Lingayat Setback for BJP
Mutt pontiffs come out in support of the Congress
It’s not looking good (for the BJP). With barely a month to go for the assembly elections, a call by Mate Mahadevi, the most revered of Lingayat religious leaders, asking the community to vote for the Congress, could spell big trouble for the BJP in Karnataka. This, when the saffron leadership is already struggling to contain an unanticipated rebellion by ticket aspirants after the party declared its first list of candidates on April 8.
Just days after BJP chief Amit Shah’s frenetic forays to canvass support of the influential Lingayat and Veerashaiva mutts, Mahadevi, the first woman seer to head the Basava Dharma Peeta (the most influential Lingayat centre of religious learning in north
Karnataka), delivered the shocker: “I want all Lingayats to vote for the Congress party, as Chief Minister Siddaramaiah is honestly espousing the cause of a separate religion status for us,” she declared at a congregation of Lingayat seers in Bengaluru on April 7.
Her announcement, which is backed by 30 other Lingayat seers, could potentially upset the BJP’s electoral applecart. Lingayats and Veerashaivas, comprising 16 per cent of the electorate, have traditionally been BJP supporters. But now, Chief Minister Siddaramaiah’s ploy of promising Lingayats a separate religious identity, independent of Hinduism, appears to be turning the community towards the Congress side.
Basavegouda H.P., a young leader from Raichur district where the Lingayats are the dominant community, says that although the BJP’s chief minister candidate B.S. Yeddyurappa was an undisputed community leader, “he is not even committing to taking up our cause if he becomes the chief minister again”.
There are currently 50 Lingayat legislators in the state assembly (of which Congress has 29, and the BJP 16) and the saffron party was hoping to increase its tally. Lingayat leaders say the BJP must clarify its stand if the party wants their support. “Support begets support. We will continue our fight till our demand is met,” says Shivamurthy Shivacharya Swami of the Sri Murugarajendra mutt.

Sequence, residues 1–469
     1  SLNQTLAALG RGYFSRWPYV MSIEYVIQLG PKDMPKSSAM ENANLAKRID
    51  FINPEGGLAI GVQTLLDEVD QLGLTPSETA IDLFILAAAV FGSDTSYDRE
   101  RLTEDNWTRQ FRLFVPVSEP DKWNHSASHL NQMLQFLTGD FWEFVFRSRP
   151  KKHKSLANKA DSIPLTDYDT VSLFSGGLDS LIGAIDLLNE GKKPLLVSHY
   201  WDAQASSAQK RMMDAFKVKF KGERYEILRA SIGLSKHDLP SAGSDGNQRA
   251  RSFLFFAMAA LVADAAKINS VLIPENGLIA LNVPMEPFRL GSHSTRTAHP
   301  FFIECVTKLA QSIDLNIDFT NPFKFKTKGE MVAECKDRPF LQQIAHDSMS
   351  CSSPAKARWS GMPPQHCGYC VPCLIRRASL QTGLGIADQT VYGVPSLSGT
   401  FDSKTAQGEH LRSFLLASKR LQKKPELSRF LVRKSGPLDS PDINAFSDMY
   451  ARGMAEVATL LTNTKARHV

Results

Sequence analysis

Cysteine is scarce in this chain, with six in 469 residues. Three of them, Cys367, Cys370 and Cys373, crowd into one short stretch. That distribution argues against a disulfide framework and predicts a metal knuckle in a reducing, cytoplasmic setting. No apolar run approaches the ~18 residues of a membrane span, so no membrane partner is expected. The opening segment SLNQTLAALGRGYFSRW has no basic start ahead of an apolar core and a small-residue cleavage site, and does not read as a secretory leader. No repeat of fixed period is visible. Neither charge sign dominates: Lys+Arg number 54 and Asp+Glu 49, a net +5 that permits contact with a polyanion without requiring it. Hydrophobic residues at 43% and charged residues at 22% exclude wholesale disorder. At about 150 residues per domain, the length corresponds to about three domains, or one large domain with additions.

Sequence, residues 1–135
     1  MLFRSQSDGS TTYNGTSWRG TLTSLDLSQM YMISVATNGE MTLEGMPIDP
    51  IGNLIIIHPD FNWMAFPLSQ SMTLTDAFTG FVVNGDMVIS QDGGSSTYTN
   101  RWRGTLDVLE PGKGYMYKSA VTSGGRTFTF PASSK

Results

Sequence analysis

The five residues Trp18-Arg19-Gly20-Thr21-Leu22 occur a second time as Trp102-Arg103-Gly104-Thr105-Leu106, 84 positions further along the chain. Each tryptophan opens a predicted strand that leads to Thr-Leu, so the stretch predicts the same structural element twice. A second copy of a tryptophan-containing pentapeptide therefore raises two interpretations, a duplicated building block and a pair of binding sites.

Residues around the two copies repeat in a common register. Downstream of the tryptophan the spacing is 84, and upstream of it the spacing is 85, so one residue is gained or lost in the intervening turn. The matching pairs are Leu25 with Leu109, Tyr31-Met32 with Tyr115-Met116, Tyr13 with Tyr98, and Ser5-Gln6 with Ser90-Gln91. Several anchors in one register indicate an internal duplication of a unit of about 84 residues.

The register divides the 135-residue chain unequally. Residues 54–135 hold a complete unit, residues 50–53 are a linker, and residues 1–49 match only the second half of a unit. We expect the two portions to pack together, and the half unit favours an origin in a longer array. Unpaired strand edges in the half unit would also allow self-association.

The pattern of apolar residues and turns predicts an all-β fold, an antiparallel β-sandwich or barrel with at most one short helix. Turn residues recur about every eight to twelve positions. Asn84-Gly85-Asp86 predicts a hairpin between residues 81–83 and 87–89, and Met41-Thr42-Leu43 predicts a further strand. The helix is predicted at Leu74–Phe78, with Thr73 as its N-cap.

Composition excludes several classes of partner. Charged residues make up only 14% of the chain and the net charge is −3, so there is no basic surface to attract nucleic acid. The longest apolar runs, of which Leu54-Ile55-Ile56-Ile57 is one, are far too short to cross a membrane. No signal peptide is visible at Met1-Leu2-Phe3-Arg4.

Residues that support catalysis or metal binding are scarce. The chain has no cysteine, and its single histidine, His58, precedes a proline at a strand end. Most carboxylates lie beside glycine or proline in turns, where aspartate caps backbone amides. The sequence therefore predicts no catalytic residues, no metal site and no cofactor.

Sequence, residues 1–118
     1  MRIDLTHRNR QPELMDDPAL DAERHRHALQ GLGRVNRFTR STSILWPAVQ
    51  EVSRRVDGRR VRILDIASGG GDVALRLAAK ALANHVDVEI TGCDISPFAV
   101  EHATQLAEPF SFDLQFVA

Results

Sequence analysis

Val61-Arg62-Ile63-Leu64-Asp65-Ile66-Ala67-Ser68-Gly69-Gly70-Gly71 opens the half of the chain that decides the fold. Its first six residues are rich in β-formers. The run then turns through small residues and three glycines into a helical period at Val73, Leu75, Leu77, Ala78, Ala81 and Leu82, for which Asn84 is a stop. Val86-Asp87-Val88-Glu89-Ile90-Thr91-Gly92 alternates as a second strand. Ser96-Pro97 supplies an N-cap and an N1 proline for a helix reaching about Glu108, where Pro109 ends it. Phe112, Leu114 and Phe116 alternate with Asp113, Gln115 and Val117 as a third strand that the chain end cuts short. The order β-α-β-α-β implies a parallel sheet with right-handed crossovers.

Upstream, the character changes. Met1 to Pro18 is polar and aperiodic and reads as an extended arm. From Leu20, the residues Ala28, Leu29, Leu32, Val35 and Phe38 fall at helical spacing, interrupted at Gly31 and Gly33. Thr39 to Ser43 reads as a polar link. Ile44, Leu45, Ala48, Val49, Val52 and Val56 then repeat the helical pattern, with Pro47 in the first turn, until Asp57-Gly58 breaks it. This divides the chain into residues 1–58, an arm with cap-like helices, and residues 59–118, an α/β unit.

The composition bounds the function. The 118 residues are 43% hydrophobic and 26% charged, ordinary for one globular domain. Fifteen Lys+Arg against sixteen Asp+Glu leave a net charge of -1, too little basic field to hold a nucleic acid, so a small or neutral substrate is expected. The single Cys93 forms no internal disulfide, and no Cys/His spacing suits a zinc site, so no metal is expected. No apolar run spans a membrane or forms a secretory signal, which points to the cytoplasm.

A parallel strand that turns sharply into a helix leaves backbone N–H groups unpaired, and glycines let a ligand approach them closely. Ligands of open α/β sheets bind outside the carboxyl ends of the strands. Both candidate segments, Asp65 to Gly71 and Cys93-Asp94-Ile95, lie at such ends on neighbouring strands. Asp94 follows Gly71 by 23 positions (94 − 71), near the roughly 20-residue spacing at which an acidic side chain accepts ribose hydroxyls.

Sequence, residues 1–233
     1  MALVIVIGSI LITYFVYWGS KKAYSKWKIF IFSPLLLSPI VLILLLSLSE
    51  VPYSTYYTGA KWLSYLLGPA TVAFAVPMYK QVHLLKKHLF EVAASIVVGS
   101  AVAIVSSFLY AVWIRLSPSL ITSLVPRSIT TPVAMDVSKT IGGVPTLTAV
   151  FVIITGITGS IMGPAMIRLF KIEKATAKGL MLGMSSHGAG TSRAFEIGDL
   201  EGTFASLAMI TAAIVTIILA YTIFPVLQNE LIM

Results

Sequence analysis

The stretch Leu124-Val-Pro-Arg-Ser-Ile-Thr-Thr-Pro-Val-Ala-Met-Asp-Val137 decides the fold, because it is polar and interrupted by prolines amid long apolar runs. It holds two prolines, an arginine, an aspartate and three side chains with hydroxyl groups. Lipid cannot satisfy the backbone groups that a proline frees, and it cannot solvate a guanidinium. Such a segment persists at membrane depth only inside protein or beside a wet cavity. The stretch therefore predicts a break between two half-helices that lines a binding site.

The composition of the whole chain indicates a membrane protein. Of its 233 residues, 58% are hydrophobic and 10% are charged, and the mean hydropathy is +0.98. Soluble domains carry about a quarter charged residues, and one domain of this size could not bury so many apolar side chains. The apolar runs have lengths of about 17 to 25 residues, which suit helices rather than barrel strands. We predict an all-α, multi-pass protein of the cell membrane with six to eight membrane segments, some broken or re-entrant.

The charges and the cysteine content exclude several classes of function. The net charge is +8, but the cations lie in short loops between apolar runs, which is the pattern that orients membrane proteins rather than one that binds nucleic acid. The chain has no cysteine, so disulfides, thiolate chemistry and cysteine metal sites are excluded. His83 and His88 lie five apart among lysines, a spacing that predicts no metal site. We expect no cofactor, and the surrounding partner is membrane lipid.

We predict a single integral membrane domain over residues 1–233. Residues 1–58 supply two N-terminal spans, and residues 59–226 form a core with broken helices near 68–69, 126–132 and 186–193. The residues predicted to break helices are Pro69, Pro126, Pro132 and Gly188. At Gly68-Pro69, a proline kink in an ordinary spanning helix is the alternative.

In 2013, Yeddyurappa, then heading his own political outfit, the short-lived Karnataka Janata Paksha (KJP), played spoiler for the BJP in at least 30 Lingayat-dominated constituencies. This time, says Bengaluru-based political analyst A. Veerappa, the issue of a separate religion for Lingayats could impact up to 80 assembly constituencies in the 225-seat house.
Yeddyurappa, however, insists that only a few Lingayat seers actually share Mahadevi’s views. “The community is with us, and so are the other major communities. I am confident of reaching the target of 150 seats,” the former chief minister said in Bengaluru on April 9.
But making matters worse, the former chief minister now has a revolt on his hands. No less than 15 hopefuls who were denied BJP tickets in the first list of 72 candidates, declared their intention to contest as independents. Analysts say this could further dim the party’s prospects in the affected segments.
THE CHARGED POLITICS OF LINGAYATS’ RELIGIOUS STATUS WILL BE KEY IN 80 ASSEMBLY SEATS
NEW FORCE At the Forum of Lingayat Mathadhipathies in Bengaluru on April 7, 30 pontiffs endorsed the Congress